When Death Cab for Cutie released their first single from Codes and Keys, ‘You Are a Tourist’, I wasn’t very into it. It sounded like a hit single with its melody and lyrics written for a third grade school choir, but I was worried that it would be a case of releasing the best song first, much like the Strokes earlier this year with ‘Under Cover of Darkness’. While it may be the lead single, it is also the weakest song on the record. A week or so later Death Cab released ‘Some Boys’, and all my worries disappeared.
Codes and Keys finds Death Cab exploring new territory with electronic sounds, using Ben Gibbard’s voice as an instrument, almost reminiscent of Animal Collective’s most radio-friendly track ‘Fireworks’. When I first heard ‘Some Boys’, I instantly thought of ‘Fireworks’, and sat amazed that this sound fit Death Cab for Cutie so well. Opening track ‘Home Is a Fire’ dips its toes quite far into the electronic sound, almost sounding like a Postal Service b-side. The precise picking and rapid scattering drum beat can sound at times electronic, yet still organic enough to question whether or not it is.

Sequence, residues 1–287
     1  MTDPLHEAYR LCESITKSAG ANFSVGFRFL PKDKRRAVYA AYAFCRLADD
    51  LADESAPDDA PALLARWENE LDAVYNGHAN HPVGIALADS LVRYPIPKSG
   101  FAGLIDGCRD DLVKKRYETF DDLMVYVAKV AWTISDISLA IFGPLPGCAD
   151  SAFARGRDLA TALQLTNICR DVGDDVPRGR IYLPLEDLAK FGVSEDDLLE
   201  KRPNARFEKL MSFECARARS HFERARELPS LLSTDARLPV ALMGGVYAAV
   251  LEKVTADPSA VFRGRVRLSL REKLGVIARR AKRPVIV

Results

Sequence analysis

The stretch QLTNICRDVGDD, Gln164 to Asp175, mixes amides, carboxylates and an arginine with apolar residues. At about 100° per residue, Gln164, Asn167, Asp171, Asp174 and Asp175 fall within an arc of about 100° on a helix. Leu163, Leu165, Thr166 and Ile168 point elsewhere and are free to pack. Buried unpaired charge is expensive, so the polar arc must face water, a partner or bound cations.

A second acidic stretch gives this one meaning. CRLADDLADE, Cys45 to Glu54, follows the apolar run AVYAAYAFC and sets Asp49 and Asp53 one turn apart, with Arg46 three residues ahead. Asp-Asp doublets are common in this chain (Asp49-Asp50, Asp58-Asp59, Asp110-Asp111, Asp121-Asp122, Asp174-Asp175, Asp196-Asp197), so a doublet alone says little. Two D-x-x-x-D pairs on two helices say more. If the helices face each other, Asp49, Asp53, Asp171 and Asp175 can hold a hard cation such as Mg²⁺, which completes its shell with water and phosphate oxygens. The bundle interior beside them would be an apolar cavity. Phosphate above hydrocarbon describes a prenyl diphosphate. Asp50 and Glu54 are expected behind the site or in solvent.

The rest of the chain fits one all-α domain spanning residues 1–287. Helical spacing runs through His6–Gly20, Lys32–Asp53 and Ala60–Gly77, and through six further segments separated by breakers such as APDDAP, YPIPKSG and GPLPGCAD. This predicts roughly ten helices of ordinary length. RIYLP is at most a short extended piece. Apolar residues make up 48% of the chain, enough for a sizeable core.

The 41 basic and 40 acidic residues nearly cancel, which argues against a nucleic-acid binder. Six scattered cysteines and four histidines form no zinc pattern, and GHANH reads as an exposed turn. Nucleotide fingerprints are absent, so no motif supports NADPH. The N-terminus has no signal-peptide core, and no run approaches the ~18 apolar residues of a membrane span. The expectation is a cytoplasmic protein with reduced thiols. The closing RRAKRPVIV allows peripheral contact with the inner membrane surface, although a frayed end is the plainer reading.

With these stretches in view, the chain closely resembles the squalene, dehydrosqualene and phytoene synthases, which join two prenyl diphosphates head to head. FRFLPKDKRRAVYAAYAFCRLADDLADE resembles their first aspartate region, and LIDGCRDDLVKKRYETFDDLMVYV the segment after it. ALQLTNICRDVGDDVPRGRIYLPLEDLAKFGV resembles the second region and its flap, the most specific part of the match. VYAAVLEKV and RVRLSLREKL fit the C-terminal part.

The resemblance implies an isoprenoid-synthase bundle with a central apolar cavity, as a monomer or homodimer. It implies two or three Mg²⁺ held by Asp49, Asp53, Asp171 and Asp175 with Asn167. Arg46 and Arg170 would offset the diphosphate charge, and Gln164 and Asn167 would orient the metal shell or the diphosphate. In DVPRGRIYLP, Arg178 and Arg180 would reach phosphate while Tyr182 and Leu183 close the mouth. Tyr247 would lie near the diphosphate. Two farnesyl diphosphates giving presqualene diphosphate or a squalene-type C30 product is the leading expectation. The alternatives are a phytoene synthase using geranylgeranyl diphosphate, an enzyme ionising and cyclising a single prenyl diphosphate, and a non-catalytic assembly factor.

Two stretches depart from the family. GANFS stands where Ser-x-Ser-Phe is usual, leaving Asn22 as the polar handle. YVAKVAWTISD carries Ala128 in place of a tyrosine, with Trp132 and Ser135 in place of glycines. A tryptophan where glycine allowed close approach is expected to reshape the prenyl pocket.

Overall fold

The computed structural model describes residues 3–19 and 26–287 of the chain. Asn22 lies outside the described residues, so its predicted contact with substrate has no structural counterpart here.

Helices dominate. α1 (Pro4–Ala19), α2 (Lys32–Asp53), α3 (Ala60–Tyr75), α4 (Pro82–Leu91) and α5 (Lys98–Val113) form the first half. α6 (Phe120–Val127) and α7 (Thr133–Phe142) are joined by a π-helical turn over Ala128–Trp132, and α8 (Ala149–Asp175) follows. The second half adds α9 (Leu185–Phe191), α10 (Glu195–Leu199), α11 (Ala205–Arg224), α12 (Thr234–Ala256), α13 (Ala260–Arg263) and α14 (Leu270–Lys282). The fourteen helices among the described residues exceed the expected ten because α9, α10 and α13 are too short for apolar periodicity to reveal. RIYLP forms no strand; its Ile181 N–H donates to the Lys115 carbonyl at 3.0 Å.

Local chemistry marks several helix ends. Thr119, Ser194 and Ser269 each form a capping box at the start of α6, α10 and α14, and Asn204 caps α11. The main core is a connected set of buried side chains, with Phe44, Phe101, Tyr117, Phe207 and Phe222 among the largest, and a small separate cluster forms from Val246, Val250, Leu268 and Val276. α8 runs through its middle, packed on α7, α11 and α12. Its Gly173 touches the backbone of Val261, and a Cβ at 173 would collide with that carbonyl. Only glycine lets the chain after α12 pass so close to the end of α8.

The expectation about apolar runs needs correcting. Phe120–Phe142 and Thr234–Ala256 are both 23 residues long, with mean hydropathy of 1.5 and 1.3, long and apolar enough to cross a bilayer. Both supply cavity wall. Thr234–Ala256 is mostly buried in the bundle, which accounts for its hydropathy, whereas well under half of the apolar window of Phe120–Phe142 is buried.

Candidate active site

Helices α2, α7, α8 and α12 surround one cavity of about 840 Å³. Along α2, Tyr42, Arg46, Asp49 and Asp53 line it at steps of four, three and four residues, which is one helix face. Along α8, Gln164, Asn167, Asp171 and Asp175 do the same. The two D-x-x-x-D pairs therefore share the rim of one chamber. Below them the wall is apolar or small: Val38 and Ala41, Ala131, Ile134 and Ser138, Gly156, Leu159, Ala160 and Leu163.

Codes and Keys is probably Death Cab’s biggest change in sound from one album to another, both lyrically and musically. Narrow Stairs was a very raw and at times depressing record. Codes and Keys has a very studio-centric sound to most of its tracks, and lyrically may be Death Cab’s happiest and most charming record. Narrow Stairs left listeners with a tear jerking break up song, while Codes and Keys‘ closer leaves you wanting and happy to be in love.
Death Cab for Cutie are at a strange place in their career following their first number one record. Each record they put out in this stage of their career will always make early followers of the band ask if they are still relevant. It’s asking myself this where I realized that it doesn’t matter. I don’t expect them to put out a masterpiece by any means anymore, they are a pop band, and their new record demonstrates their ability to continue to create wonderfully melodic and jangly guitar pop songs they have come to be known for.
Tags: Death Cab for Cutie